Oaxaca, Mexico 2 – Cooking Schools

We attended two different cooking schools while in Oaxaca, both recommended by our AirBnb host. The first was Seasons of My Heart, founded by Susana Trilling who starred in a 13-part PBS Series on the Oaxacan culinary experience and authored a book, both by the same name. This class was held in Villa de Etla, a small town about a half hour drive outside Oaxaca. Etla is also where 90% of the potable water serving Oaxaca City comes from. We started with a tour of the largest mercado in Etla, shopping for ingredients, and sampling grasshoppers and various types of tamales. We were joined by a couple from the Netherlands, Rose and Flo, a gourmet chef.

In many ways, this mercado reminded us of Feria Libre, the largest market in Cuenca. There were some differences though. For example, there were many vendors selling dried grasshoppers (center and right-center), which are added as a spice to food, or just eaten directly as a snack.  Also, there were far more types of chilis available here (upper-left and upper-right), as Oaxacan food is heavy on the chili.  The green onions in the market are also the largest I have ever seen (lower-right).

We continued to wander through the market for a couple hours. Another item I found unique was the sale of limestone (upper-left).  Women would grind the stone into powder, and then bag it for sale to cooks.  The powder is added to dough, allowing the tortillas to be cooked crispy.

A favorite drink in the Oaxacan markets and street vendors is a drink with a vaguely chocolate taste called Tejate.  Each vendor has their own secret recipe passed on through generations. We each had a gourd of the drink during our market tour. Our companions are seen above (Rose in lower-left and Flo in upper-right, while Evelyn drinks middle-left).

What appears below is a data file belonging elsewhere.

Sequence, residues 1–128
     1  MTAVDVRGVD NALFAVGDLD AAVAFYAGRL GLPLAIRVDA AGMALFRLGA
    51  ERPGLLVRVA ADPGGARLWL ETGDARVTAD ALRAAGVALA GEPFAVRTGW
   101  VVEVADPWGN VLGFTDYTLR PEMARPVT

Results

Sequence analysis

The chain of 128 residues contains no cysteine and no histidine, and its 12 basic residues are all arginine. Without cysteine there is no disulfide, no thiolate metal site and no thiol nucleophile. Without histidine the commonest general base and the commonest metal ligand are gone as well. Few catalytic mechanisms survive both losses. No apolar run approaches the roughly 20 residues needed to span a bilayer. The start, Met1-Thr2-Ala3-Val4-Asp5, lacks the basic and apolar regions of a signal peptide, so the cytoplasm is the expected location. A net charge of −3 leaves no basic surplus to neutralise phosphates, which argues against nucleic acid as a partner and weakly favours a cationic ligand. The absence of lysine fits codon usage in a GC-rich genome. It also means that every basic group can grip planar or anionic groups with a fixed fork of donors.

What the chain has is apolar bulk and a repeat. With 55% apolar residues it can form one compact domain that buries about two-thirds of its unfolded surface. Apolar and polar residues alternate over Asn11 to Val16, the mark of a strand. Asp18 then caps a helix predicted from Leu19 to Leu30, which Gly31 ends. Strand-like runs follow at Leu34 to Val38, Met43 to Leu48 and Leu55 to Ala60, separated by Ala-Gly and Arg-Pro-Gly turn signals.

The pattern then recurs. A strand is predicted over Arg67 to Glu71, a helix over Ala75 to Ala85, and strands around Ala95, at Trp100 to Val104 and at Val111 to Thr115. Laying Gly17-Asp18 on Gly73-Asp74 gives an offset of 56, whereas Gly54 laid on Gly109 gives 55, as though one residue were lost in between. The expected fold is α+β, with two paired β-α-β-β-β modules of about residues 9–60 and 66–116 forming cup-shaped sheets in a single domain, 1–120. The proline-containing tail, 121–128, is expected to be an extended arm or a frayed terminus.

Our next stop was at the school, where the cooking class would be held. Our class was lead by Yolanda (center), who started with a short lecture on the meals we would be making, and the ingredients involved.  All ingredients were pre-measured, so we only had to mix at the proper times, while adding the proper heat and/or stirring.

Evelyn made our salad and salad dressing, both of which were excellent.

Other courses included chicken (center), a soup made from squash flowers, a salad, roasted tomatoes and chilis, moles, tostadas, curries, and a bread pudding for dessert.

A couple days later, we attended the Cooking School at Casa Crespo Restaurant in Oaxaca. This day also began with a quick tour of a mercado, though it was the same Mercado Sanchez Pascuas near our AirBnb that we had already visited multiple times on our own. Our maestro, Oscar Carrizosa, showed us stores that specialized in making tortillas, where many people would bring their flour and these specialists would blend the dough accordingly.

Oscar allowed us to choose what meals we would make. He asked our favorite foods, and then created a menu around those.  That was a very nice and unique touch, as every cooking class we have ever taken in the past has always taught a preset menu. A couple from New York, Elizabeth and Jonathan joined us for this class. For our menu, we made several moles, shrimp appetizer, seafood soup, enchiladas, chili relleno, corn masa, and finished with avocado ice cream.

The kitchen was not as grand as the Seasons of the Heart kitchen, but we each got involved with preparing all the ingredients, and took part in the cooking. 

At the end of each class, we were provided with recipes for the courses we had cooked.  Though the Seasons menu was more elaborate, the Crespo menu has far more choices that I have set aside to make for guests once we get home.  Since I consider that to be the ultimate achievement of any cooking class, I have to give the nod to Crespo as being the more successful for us.

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